I just finished watching the first episode of Cosmos: A Spacetime Odyssey. By the way, they have full episodes available online, and if you haven’t seen it yet you should definitely go check it out. So what are my thoughts about this new program? I’m glad you asked. (Note: I know you didn’t really ask, but I’m going to tell you anyway, so strap in.)
I never got to watch the original Cosmos: A Personal Voyage hosted by Carl Sagan on PBS. I’m aware of its position as a classic cultural phenomenon, but I wasn’t a part of it. I’m a little sad I missed out on it, but that just makes me all the more grateful that I’m able to take part in its current incarnation.
For those of you unaware of Cosmos in either or both forms, it’s a television program designed to introduce people to the science of, you guessed it, the cosmos! and humanity’s place in the universe. This post will focus on the new program, which comes to us due to the efforts of Ann Druyan, a writer/producer and Carl Sagan’s widow; Seth McFarlane of Family Guy fame; and host Neil deGrasse Tyson who spends his days running the Hayden Planetarium at the American Museum of Natural History in New York.
In the first episode of the new series, Dr. Tyson takes us on a journey with him in his spaceship of the imagination. We visit all the planets of the solar system, the sun and travel back to the origins of the universe and all of these celestial bodies: the big bang. The episode is meant to introduce us to our place in the history and place of the universe, which is relatively insignificant. However, the show doesn’t intend to make us feel small. Rather, it shows us that we are part of something bigger. I can’t think of a better way to state it than Dr. Tyson already has many times over:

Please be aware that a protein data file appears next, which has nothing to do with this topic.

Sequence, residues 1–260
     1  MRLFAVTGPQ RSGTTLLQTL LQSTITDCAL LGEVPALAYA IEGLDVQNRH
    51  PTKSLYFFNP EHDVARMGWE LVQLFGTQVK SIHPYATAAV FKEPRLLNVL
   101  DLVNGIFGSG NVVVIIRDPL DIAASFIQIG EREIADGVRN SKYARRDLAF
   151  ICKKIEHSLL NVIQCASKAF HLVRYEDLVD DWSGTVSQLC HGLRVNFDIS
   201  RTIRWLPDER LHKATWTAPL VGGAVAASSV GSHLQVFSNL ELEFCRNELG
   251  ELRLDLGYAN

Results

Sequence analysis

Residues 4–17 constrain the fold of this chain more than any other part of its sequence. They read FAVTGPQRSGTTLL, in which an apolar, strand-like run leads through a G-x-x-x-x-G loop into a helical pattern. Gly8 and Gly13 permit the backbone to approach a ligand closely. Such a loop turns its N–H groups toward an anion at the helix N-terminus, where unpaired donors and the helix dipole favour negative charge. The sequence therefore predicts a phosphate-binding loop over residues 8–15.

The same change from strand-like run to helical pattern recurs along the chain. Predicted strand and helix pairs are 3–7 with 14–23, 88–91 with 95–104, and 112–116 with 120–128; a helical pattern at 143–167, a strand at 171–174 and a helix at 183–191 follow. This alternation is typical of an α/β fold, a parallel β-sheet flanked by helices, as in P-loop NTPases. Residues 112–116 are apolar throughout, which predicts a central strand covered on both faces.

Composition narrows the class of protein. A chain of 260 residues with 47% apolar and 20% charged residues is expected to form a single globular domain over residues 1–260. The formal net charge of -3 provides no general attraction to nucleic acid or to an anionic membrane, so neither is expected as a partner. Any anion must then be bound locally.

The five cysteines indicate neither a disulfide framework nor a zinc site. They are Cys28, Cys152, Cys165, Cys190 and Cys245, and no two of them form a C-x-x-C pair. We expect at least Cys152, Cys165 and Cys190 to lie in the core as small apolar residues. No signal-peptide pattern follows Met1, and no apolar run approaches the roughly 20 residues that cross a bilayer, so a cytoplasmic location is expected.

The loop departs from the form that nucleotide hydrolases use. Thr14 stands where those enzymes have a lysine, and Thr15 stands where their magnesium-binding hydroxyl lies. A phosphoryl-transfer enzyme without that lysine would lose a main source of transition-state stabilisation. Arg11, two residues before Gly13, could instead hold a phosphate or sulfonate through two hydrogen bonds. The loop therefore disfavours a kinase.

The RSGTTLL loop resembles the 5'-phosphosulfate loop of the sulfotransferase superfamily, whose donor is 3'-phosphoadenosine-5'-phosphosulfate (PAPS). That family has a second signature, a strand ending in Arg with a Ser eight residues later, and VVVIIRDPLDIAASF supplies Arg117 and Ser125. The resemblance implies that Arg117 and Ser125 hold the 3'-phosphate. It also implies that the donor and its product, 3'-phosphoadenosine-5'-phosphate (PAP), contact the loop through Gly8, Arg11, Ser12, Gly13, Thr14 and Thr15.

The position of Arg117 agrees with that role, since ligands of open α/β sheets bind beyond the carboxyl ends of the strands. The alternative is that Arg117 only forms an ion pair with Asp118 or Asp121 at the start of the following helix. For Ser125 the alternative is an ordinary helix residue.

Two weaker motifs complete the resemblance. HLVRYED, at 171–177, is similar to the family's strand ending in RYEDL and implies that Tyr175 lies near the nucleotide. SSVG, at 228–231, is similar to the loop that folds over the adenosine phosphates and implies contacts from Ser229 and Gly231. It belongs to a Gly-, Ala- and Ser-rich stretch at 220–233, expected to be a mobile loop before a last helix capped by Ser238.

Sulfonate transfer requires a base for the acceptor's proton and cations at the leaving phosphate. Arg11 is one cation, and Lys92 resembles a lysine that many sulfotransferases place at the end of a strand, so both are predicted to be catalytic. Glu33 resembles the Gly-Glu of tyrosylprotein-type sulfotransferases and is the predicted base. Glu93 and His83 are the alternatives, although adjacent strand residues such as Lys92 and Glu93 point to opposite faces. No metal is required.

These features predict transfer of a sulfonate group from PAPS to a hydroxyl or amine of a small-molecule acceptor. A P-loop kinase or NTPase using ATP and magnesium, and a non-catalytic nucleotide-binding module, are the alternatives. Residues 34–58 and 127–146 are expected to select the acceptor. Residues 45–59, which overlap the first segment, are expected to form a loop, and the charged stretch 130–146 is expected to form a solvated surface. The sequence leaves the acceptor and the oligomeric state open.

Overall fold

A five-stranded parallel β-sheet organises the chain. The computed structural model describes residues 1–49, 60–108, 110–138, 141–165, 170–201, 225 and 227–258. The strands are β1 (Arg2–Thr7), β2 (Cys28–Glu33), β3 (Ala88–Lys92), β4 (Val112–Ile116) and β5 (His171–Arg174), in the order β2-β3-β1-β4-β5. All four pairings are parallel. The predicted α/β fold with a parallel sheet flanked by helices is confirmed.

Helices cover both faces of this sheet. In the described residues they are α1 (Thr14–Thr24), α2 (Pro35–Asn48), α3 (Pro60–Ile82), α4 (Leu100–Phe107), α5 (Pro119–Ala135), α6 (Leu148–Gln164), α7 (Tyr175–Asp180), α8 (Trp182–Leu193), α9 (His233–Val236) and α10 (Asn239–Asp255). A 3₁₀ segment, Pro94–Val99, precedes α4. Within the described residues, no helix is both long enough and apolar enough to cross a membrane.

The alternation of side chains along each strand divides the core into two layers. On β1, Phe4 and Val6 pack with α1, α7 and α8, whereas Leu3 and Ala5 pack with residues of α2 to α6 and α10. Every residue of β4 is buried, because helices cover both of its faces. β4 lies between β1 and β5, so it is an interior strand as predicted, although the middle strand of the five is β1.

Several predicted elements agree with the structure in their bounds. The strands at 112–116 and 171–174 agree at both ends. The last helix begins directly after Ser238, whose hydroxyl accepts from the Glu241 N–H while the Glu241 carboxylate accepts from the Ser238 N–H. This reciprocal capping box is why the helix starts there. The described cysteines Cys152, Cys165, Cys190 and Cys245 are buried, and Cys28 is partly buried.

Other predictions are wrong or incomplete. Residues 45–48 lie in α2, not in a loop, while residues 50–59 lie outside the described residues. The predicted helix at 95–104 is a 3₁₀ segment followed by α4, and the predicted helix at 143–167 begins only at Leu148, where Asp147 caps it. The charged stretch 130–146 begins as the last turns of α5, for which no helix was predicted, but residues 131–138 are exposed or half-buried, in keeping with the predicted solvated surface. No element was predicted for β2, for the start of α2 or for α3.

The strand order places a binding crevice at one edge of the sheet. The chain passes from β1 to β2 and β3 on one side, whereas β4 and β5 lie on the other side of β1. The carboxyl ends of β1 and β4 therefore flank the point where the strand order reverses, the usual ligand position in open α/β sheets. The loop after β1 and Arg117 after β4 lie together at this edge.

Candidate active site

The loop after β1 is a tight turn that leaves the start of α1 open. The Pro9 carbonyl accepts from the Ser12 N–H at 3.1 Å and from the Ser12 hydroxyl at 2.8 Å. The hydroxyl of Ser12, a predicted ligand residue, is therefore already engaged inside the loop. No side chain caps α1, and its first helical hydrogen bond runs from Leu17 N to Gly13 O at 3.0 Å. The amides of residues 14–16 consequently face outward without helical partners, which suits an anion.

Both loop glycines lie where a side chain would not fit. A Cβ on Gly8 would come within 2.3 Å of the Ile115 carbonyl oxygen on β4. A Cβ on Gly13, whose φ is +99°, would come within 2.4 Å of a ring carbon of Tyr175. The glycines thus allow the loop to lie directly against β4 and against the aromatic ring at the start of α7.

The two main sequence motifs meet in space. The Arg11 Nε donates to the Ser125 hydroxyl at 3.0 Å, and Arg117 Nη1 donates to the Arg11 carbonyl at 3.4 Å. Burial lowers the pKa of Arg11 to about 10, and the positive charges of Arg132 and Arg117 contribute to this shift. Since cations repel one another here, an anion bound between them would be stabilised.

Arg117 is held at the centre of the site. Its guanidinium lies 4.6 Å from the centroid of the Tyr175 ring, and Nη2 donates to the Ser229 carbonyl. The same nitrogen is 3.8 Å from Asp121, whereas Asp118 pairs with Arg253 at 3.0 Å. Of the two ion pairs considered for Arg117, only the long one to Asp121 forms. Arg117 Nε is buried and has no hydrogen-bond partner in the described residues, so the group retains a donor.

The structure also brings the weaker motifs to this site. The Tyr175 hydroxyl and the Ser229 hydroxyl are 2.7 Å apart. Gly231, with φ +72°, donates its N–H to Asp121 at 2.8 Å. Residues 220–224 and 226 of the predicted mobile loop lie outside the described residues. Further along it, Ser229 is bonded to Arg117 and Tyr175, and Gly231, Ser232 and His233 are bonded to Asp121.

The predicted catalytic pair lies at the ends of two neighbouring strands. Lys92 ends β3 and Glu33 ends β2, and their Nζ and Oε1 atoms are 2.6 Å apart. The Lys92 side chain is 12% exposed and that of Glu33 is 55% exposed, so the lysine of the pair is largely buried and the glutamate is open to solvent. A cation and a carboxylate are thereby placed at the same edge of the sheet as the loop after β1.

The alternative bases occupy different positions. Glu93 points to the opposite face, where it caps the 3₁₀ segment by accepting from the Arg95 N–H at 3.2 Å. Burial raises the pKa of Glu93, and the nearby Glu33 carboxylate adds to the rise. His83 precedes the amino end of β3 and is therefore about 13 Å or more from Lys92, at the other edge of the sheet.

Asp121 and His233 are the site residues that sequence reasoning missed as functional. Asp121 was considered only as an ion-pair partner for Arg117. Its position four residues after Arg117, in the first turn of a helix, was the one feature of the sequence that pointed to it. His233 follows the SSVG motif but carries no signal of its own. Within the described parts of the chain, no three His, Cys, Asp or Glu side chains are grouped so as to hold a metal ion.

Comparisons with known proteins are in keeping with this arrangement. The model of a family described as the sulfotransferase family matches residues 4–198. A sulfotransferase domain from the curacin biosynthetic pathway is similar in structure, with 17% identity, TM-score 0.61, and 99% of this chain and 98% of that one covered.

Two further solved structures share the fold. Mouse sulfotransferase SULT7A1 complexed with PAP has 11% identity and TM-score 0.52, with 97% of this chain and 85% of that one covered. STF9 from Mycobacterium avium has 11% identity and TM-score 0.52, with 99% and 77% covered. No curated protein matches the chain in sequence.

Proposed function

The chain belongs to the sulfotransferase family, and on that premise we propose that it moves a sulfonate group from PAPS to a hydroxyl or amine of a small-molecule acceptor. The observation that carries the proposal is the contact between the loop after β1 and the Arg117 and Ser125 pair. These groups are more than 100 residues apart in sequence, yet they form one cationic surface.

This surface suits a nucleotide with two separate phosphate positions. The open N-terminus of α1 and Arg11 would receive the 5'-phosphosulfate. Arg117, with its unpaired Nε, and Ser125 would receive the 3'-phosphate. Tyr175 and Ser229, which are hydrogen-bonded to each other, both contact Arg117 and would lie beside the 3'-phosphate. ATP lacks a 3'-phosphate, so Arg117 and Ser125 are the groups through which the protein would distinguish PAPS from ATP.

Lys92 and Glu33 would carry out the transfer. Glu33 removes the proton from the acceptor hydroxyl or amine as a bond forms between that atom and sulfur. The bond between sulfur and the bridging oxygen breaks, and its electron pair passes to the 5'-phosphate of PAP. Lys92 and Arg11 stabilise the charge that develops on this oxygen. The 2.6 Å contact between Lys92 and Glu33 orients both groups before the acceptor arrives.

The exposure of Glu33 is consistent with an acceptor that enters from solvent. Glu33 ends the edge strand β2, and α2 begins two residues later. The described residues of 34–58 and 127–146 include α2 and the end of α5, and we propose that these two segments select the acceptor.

That clip is not from the show, but it is one of the most articulate and enlightening versions of the concept around.
Dr. Tyson brings his signature, and I would say poetic, love and enthusiasm for science to this role, and he infects viewers with it as well. As I was watching, I considered changing my life goals from writing to astronomy. The real strength of the show, however, is that it doesn’t require such extreme fanaticism. I can be a writer, or a security guard, or a cashier, or an SEO content creator and still be enthusiastic and knowledgeable about science. The great strength of this type of program is that it is accessible and eager to engage viewers who don’t have a strong science background. After all, we’re all star stuff. We should all know where we come from and how we fit in the universe, even if we aren’t professional scientists.
Other (better) reviews of this program can be read here:
Additionally, if you’re looking for more awesome science education, I can’t recommend Joe Hanson’s blog and YouTube channel enough, as well as the Science Is Not Scary YouTube channel and the I Fucking Love Science Facebook page. There are many more science education sources out there, but these are good ones to start with.
Finally, I just want to say that it is so freaking amazing that this is a program on primetime American television, FOX no less, and I can’t help but wonder how much we could accomplish as a society and a species if we keep heading in this direction. It truly is a great time to be alive.